Award winning Quebecois filmmaker Philippe Falardeau’s incendiary and heartbreaking documentary series Lac-Mégantic – This is Not an Accident lays bare the variety of wholly preventable factors that led to one of the biggest disasters and losses of life in Canadian history, and the equally tragic fallout and perpetual trauma that the impacted community still faces to this day.
On the night of July 6, 2013, a train carrying highly flammable and combustable fuel derailed while passing through the streets of downtown Mégantic. 47 people were killed instantly (many of them vaporized), and as the oil flowed in the streets and the fire raged, it became a literal mushroom cloud of devastation, forcing the evacuation of over 2,000 residents. Despite repeated complaints about the overall safety of the trains and tracks being operated throughout this rail corridor – owned and operated at the time by MM&A (Montreal, Maine, and Atlantic) – no action was taken to avoid such a preventable disaster. Despite everything that happened and the toll it took on the community, trains were rolling through the centre of town just five months later, and the town’s revitalization project – which callously favours the courting of big business and foreign investment to town – is displacing residents that weren’t even directly in the disaster area.
Lac-Mégantic – This is Not an Accident has a lot of ground to cover across its four instalments, and Falardeau (Monsieur Lazhar, My Internship in Canada, The Good Lie) masterfully paces everything and finds every possible piece necessary to form a comprehensive picture of grief, corporate malfeasance, and governmental shortcomings that protect corporations more than they do everyday citizens. Survivors and former MM&A employees speak with unfiltered candour, sadness, tension, and terror, and the facts that they point to are enough to make anyone’s blood boil over. Falardeau has a natural villain in the form of smug railroad tycoon Ed Burkhardt – who’s far too candid for someone in his position – but the issues go further than the former owner and operator of MM&A. (In fact, the most problematic and infuriating points are made by those who choose to stay silent on the matter.) It extends to wider issues involving the alarmingly increased transportation of dangerous materials by rail, which has shot up a staggering 28,000% in recent years.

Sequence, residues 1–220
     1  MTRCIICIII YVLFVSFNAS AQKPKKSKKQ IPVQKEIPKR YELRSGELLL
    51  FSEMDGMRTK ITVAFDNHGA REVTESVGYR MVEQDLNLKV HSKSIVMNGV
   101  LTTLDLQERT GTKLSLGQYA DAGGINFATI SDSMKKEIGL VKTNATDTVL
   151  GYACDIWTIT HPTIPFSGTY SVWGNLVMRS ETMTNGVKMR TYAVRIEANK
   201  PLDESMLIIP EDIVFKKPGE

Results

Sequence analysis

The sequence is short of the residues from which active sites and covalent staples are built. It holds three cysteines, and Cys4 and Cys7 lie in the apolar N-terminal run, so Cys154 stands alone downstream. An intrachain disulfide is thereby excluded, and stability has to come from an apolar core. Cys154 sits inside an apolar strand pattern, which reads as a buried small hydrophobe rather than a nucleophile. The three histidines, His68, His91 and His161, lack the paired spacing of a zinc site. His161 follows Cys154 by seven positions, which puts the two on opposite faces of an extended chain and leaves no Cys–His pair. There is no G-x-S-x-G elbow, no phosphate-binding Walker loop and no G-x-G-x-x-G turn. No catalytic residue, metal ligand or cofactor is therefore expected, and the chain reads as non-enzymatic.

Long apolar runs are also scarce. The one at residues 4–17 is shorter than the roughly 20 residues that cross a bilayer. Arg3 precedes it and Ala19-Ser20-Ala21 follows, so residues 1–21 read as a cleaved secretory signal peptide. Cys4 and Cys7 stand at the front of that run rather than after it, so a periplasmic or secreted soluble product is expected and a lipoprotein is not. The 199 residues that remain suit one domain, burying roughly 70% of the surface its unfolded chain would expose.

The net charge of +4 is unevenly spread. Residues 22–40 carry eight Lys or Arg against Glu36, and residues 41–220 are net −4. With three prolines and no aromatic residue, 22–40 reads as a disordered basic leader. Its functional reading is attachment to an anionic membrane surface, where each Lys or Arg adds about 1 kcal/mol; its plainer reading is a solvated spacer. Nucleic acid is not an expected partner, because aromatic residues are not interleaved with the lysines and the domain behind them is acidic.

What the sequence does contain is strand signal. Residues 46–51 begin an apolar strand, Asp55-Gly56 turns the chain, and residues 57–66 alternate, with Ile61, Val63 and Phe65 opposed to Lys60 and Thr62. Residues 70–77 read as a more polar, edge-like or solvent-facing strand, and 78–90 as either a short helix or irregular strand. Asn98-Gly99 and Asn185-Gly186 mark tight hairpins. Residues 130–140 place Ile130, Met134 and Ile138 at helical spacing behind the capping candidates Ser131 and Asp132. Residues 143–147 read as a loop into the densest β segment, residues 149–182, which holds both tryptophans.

The first two parts of Lac-Mégantic – This is Not an Accident focus largely on the disaster and its immediate impact, and the second half of the series centres around the fallout and lasting legacy. The question of fault comes into sharper focus via detailed examinations of shady business practices and a curious “polluter pays all” policy, which essentially allows those responsible for such catastrophes to clean up their own mess without any sort of governmental oversight or punishment.
And in addition to Falardeau’s depiction of a community constantly getting slapped in the face, the filmmaker chillingly showcases how these derailments keep happening with alarming regularity, just not in as heavily populated of locations. A decade on from the disaster, and almost nothing has changed, but Lac-Mégantic – This is Not an Accident chillingly posits that this could just as easily happen in places like Milwaukee, Chicago, Windsor, Toronto, or Montreal, all cities that were along the same ill fated route and carried the exact same cargo. In its depiction of everyday people being served up as fodder for the supply chain, Lac-Mégantic – This is Not an Accident becomes an indispensable and overdue call to action.
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